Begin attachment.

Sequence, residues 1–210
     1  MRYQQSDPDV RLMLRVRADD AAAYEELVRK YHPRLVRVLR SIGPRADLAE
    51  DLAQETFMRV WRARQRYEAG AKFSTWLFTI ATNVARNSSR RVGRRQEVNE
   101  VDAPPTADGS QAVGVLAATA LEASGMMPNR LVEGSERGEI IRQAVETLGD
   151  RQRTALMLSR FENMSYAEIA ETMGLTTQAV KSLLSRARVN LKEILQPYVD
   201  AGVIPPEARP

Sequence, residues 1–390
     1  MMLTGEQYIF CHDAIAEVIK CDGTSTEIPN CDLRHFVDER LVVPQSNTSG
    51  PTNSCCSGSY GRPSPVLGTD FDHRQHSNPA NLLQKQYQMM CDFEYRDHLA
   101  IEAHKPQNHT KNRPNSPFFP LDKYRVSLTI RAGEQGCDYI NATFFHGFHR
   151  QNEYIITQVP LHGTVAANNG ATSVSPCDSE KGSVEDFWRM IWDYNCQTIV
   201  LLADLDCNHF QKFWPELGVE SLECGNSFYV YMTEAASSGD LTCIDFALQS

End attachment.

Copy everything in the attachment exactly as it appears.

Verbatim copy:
Sequence, residues 1–210
     1  MRYQQSDPDV RLMLRVRADD AAAYEELVRK YHPRLVRVLR SIGPRADLAE
    51  DLAQETFMRV WRARQRYEAG AKFSTWLFTI ATNVARNSSR RVGRRQEVNE
   101  VDAPPTADGS QAVGVLAATA LEASGMMPNR LVEGSERGEI IRQAVETLGD
   151  RQRTALMLSR FENMSYAEIA ETMGLTTQAV KSLLSRARVN LKEILQPYVD
   201  AGVIPPEARP

Sequence, residues 1–390
     1  MMLTGEQYIF CHDAIAEVIK CDGTSTEIPN CDLRHFVDER LVVPQSNTSG
    51  PTNSCCSGSY GRPSPVLGTD FDHRQHSNPA NLLQKQYQMM CDFEYRDHLA
   101  IEAHKPQNHT KNRPNSPFFP LDKYRVSLTI RAGEQGCDYI NATFFHGFHR
   151  QNEYIITQVP LHGTVAANNG ATSVSPCDSE KGSVEDFWRM IWDYNCQTIV
   201  LLADLDCNHF QKFWPELGVE SLECGNSFYV YMTEAASSGD LTCIDFALQS